General Motors and Chrysler are reasonably positioned for growth after U.S. intervention saved the companies last year, and government support for the auto sector will begin to be pulled back, the manufacturing adviser to the president said on Thursday.

Ron Bloom, a Treasury adviser, said the intervention into GM and Chrysler was justified and both could succeed.

I think it has been justified by the fact that, so far anyway, the signs are good, Bloom said of the intervention. I think you will see us continue to try to pull back.

Speaking at a Federal Reserve conference on small business lending in Detroit, Bloom said automakers and auto parts suppliers made extremely difficult decisions during the restructuring of the auto industry and so far the signs are good.

Certainly no one is declaring the situation fixed, but I think we could all agree that in the last year a remarkable series of changes have occurred and we now do have a General Motors and a Chrysler and an auto industry that is at least back on its feet, Bloom said.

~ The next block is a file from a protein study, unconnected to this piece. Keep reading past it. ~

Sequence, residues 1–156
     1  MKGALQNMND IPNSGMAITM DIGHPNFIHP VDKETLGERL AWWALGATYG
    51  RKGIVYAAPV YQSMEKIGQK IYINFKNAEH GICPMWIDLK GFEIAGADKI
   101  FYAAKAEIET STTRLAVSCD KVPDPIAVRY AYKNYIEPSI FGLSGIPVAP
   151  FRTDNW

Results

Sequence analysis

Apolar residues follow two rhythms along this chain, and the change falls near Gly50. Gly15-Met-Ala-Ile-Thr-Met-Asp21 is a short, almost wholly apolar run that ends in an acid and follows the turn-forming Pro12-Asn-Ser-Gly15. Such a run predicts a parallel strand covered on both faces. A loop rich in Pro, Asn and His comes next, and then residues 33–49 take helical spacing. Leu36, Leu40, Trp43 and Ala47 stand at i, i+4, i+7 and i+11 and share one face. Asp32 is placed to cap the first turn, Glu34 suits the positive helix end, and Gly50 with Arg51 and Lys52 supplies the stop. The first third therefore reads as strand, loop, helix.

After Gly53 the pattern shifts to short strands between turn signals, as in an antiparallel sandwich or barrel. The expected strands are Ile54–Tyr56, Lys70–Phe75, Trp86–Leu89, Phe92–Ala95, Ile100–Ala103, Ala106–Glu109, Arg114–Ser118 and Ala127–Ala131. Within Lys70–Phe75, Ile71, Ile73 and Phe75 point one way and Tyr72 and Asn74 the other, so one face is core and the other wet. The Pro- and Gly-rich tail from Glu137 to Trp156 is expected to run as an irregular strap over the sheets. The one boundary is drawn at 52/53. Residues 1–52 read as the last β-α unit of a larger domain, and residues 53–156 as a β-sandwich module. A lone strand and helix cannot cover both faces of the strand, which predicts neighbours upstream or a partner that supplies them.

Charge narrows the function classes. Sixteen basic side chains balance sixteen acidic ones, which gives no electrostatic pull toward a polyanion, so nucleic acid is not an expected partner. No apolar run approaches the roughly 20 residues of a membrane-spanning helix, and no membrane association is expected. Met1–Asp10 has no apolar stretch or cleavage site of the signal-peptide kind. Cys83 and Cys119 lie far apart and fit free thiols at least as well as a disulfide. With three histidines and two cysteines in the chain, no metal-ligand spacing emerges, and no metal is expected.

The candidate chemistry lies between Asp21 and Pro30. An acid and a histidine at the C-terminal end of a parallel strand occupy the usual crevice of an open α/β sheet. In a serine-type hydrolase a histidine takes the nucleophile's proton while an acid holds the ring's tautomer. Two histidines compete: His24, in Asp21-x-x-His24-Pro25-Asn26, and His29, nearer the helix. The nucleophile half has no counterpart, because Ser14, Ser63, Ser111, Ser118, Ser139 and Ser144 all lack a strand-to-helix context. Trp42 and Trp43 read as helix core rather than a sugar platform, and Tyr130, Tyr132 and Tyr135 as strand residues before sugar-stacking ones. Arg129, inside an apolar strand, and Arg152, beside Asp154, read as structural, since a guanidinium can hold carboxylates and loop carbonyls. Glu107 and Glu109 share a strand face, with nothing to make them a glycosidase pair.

Chrysler, now operating under the control of Fiat SpA, posted a net loss of $197 million for the first quarter but said last month that it could raise its financial forecast for all of 2010.

GM, which is aiming to launch an initial public offering of shares as soon as this year, posted a net profit of $865 million in the first quarter and said it could post a full-year profit.

Both GM and Chrysler were restructured in 2009 in bankruptcies steered and funded by the Obama administration. Bloom, a former investment banker and adviser to the United Steelworkers union, was one of the senior officials tasked with steering the restructuring of the two U.S. automakers.

We now do have companies that are reasonably positioned for growth and as the overall economy improves I do think there is a real opportunity for these companies to succeed, Bloom said.

Chrysler and GM used their bankruptcies to cut labor costs and dealerships in the United States in a bid to become profitable at much lower industry sales rates.

U.S. auto sales for the year to date are running at an annualized rate of just over 11 million vehicles, up from a 27-year-low of 10.4 million vehicle sales in 2009.

The U.S. government holds a nearly 61 percent stake in GM after the reorganization that included $50 billion of support. A GM IPO would allow the government to reduce its stake in the automaker.

(Reporting by David Bailey and Soyoung Kim; Editing by Tim Dobbyn)